When you see what happens when a tree falls on a house you realize how large and heavy trees are. You also learn just how strong our houses are. Over the past few days I’ve seen trees that look to be close to 30″ in diameter a few feet above their base leaning at a fairly steep angle against houses. There is obviously damage done to the houses, but relatively speaking, surprisingly little. The costs associate with fixing those houses will be immense, but for the most part the houses have stood up to these large trees, and protected the inhabitants, quite well. Then it hit me; these houses are mostly built with wood. We use wood for so many things, and Canada has done so for centuries. If it wasn’t for trees the buildings in Canada would look very different today.
The bottom line
I hope most of the larger chunks of hardwood get burnt in a wood stove over the coming years. I also hope a lot of the chipped branches and leaves end up as mulch. But to be honest, in a situation this hectic I could understand if people disposed of it as quickly as possible, as they needed to get on with other things.
Appreciate trees for all their splendor. Structural integrity has to be near the top of the list. Furniture, structures and other small objects are made surprisingly strong and lasting when made of wood and engineered properly. Wood is an important source of fuel. Canada can be cold, and wood is a source of heat for warmth and cooking across the country. Shade is an often-overlooked benefit of trees. The list goes on.
The downsides we rarely see, though from time to time they become all too obvious. The wind the Peterborough area received the other day would have been much less problematic if there were no trees around to get blown over, though preemptively clearing all the trees away would certainly be a shortsighted approach. When trees bring trouble it’s important we all stick together and help each other out.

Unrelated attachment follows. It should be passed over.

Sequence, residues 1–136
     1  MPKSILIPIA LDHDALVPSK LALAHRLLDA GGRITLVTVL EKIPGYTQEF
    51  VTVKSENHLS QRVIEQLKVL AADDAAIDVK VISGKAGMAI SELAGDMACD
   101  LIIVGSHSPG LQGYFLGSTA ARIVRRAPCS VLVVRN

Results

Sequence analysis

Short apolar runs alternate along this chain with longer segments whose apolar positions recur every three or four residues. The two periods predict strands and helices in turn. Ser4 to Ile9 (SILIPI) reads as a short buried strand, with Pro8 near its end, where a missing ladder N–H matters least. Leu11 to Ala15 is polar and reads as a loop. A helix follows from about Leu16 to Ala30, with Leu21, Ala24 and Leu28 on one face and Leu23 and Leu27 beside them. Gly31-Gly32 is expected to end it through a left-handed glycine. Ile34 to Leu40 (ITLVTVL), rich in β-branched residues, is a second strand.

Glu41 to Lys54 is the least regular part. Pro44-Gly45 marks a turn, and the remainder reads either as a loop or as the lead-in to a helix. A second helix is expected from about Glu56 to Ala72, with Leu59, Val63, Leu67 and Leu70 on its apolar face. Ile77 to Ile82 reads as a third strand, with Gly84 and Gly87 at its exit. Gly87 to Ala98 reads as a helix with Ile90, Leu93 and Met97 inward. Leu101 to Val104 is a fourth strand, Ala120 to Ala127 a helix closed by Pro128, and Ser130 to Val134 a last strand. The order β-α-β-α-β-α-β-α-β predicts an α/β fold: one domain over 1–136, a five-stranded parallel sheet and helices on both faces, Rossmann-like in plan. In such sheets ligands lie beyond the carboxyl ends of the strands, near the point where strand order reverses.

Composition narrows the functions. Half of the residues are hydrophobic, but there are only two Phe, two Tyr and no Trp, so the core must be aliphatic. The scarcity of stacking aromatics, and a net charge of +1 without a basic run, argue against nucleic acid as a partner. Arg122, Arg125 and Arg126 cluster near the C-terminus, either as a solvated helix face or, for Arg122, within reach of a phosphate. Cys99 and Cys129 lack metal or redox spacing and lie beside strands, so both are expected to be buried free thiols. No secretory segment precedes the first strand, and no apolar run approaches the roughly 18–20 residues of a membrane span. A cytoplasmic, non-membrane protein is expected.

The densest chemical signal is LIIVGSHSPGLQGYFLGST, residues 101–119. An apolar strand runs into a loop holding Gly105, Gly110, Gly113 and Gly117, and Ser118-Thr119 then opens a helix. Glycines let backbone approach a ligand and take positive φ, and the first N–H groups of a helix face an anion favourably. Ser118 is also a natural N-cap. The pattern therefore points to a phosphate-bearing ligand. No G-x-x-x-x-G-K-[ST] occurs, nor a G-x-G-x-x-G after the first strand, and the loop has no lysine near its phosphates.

My mother, who also lives in Peterborough, loves nature, especially the wildlife in her area. The fact that trees give birds, squirrels and raccoons great places to live is more than enough for her to side with the trees. But while talking with her the other day she summed up many people’s thoughts regarding our urban canopy in one short sentence. “I love trees, but they just get too big.”
As a woodworker it's impossible to ignore the fact that the grain and colour of this freshly fallen maple is gorgeous. It was one of many large, old maples to come down in the heart of Peterborough.
I find it quite incredible that the roots of these old trees are actually as small in diameter as they are. The weight of a large tree, compounded by the regular force of winds, means the root system has to be very strong.
After the storm was over, and we headed for home, we were faced with this view. The Trans Canada Trail, to the southeast of Peterborough, was blocked.
A Local Park
Nicholls Oval, in the heart of Peterborough, was hit very hard. Dozens of large maples came down into picnic areas. Here you can see my partner with our black dog, but only if you look carefully.
A Big Mess
A day later we returned to the Trans Canada Trail to clear the trees that blocked our route home the day of the storm.
Mostly Medium-Sized Trees
Thankfully the trees that fell across the trail weren't too large for me to cut through. Because the blocked portion of the trail was far from any roads it was handy to have lightweight tools that we could carry in a backpack.
We picked away at the fallen trees with a small chainsaw and a folding 8" long Japanese saw from Silky. Our bikes made getting to the different blocked sections easy. And if you look closely you can see the chunk of maple I cut for some spoons.
Coast to Coast
After a few hours we were able to open the trail back up. It was hard, but satisfying, work.
I saw lots of very beautiful maple keys on the ground after the storm. These will, no doubt, grow into mature maples in the future.